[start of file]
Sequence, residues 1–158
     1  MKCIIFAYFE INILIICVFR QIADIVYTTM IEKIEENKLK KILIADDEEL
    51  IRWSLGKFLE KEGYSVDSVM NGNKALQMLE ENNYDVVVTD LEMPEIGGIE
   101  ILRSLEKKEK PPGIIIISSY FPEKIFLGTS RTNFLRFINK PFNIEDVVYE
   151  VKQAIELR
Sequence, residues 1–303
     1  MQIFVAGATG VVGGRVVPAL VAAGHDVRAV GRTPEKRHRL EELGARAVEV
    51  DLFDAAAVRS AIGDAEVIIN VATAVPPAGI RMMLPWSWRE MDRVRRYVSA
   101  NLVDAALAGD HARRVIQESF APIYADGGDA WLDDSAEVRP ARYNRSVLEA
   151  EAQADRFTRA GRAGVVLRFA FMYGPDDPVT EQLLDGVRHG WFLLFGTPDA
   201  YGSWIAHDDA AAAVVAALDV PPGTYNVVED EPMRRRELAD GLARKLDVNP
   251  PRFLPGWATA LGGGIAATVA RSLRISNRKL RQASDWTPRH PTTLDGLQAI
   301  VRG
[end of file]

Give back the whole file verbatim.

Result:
Sequence, residues 1–158
     1  MKCIIFAYFE INILIICVFR QIADIVYTTM IEKIEENKLK KILIADDEEL
    51  IRWSLGKFLE KEGYSVDSVM NGNKALQMLE ENNYDVVVTD LEMPEIGGIE
   101  ILRSLEKKEK PPGIIIISSY FPEKIFLGTS RTNFLRFINK PFNIEDVVYE
   151  VKQAIELR
Sequence, residues 1–303
     1  MQIFVAGATG VVGGRVVPAL VAAGHDVRAV GRTPEKRHRL EELGARAVEV
    51  DLFDAAAVRS AIGDAEVIIN VATAVPPAGI RMMLPWSWRE MDRVRRYVSA
   101  NLVDAALAGD HARRVIQESF APIYADGGDA WLDDSAEVRP ARYNRSVLEA
   151  EAQADRFTRA GRAGVVLRFA FMYGPDDPVT EQLLDGVRHG WFLLFGTPDA
   201  YGSWIAHDDA AAAVVAALDV PPGTYNVVED EPMRRRELAD GLARKLDVNP
   251  PRFLPGWATA LGGGIAATVA RSLRISNRKL RQASDWTPRH PTTLDGLQAI
   301  VRG